sporting heroes and bought souvenirs to show their support.

An amber ring which showcases the skills of Roman jewellers found
during The Lanes digs will also be on display, as will an intriguing
wooden comb inlaid with bronze carvings was found at the Castle digs.

The exhibition also aims to highlight the need for urban renewal in the late 20th century allowed these treasures to be found.

Latin Love Lessons by Charlotte Higgins

Thanks to Kristian Waite for drawing my attention to this:

How to be a Latin lover

Forget
all those modern guides to dating. If you want to find a partner, the
ancient Romans can tell you all you need to know. In an extract from
her new book, Charlotte Higgins explains what we can learn from Ovid's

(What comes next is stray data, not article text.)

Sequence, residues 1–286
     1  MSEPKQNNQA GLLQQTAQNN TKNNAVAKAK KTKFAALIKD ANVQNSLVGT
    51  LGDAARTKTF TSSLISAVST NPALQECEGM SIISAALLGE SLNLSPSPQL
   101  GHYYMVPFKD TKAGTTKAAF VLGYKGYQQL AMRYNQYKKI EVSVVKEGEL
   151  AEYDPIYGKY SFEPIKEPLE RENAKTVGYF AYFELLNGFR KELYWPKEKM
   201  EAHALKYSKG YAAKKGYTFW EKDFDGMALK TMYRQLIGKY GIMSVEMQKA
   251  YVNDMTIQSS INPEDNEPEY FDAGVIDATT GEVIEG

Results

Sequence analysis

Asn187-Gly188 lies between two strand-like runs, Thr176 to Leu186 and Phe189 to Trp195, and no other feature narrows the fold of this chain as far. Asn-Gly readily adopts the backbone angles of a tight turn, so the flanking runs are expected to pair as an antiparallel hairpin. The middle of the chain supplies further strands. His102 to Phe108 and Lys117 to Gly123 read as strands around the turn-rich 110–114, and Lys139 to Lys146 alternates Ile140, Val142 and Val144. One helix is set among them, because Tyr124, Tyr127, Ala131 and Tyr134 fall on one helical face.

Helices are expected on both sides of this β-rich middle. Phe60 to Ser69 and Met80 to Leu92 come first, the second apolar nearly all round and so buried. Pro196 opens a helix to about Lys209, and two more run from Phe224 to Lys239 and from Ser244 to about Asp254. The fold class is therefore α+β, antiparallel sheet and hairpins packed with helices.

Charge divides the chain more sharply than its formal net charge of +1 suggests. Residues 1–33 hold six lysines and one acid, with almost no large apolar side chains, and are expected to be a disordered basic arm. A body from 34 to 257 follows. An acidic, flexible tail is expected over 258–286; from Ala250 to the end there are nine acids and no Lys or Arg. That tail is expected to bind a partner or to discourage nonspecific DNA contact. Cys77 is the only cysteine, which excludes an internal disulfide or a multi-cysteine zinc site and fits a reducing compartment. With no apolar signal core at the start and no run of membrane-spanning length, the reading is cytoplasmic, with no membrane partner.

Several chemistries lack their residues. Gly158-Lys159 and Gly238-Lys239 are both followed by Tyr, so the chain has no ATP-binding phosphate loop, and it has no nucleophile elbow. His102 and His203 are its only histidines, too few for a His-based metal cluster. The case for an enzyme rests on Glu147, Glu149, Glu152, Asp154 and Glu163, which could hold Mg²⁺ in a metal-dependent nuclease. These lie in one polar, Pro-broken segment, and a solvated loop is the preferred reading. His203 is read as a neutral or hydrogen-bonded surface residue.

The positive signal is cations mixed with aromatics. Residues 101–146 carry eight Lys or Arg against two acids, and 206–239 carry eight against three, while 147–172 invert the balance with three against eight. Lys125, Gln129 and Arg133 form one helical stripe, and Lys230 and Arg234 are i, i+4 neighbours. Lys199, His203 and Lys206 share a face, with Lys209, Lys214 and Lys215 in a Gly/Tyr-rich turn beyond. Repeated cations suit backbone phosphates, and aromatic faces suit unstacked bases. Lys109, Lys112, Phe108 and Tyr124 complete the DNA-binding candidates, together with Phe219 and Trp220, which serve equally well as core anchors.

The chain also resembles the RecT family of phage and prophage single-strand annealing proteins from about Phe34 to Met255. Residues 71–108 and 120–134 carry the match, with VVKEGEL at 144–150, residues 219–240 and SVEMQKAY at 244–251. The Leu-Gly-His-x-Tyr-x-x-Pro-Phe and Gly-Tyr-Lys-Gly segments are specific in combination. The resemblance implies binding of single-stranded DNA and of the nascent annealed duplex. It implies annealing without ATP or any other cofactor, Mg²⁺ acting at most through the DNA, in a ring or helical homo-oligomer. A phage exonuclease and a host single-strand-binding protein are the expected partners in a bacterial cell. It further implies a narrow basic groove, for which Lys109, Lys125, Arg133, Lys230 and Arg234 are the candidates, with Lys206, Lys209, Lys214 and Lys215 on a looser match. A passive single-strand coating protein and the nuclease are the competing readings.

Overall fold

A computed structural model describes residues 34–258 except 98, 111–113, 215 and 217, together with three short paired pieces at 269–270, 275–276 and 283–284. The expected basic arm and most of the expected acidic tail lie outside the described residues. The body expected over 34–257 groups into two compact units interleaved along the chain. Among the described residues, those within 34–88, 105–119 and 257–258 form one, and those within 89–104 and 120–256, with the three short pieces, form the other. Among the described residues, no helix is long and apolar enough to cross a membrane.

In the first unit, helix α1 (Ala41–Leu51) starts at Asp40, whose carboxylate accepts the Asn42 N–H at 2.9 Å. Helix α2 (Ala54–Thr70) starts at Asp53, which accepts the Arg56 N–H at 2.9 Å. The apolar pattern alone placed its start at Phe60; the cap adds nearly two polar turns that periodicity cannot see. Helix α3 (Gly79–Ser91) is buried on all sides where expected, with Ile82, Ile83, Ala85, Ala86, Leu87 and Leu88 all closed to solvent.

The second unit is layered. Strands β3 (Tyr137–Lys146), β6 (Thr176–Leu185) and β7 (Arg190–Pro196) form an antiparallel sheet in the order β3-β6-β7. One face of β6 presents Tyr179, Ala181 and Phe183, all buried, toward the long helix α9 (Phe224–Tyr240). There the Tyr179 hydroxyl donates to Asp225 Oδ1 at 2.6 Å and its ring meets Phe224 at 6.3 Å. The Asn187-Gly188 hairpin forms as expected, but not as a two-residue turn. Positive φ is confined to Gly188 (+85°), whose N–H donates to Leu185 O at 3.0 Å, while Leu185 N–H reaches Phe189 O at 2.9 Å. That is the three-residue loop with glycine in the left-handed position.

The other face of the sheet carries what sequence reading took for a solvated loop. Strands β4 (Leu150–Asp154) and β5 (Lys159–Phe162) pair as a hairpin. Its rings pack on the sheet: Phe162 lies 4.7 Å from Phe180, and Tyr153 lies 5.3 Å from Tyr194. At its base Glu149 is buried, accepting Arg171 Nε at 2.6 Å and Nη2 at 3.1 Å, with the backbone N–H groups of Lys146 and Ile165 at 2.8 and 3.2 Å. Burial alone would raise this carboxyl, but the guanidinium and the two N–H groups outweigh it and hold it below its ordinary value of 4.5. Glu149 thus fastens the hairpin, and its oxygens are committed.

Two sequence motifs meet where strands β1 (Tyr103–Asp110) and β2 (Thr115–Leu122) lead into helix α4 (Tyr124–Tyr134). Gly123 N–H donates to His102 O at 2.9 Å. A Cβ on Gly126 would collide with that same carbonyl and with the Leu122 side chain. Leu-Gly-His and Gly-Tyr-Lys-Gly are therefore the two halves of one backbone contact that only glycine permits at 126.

Ars Amatoria

Read the article in the Guardian, which ends with this:

Extracted from Latin Love Lessons: Put a Little Ovid in Your
Life by Charlotte Higgins, published by Short Books on October 4 at
£12.99. To order a copy for £11.99 with free UK p&p go to guardian.co.uk/bookshop or call 0870 836 0875. All English translations are from Peter Green's The Erotic Poems by Ovid (Penguin Classics).

Dr Who meets Romans in series 4

 Doctor Who is looking toga-tastic as the Time Lord hurtles back to the Roman Empire in the fourth series.

The Doctor arrives in Pompeii with his new assistant, Donna, the night
before the famous Mount Vesuvius volcano erupts – but should they warn
everyone?

You'll have to wait and see, but TV insiders promise the episode is one of The Doctor's most adventurous yet.

Filming has been taking place in Rome in studios that were transformed to recreate the ancient city of Pompeii.

From CBBC Newsround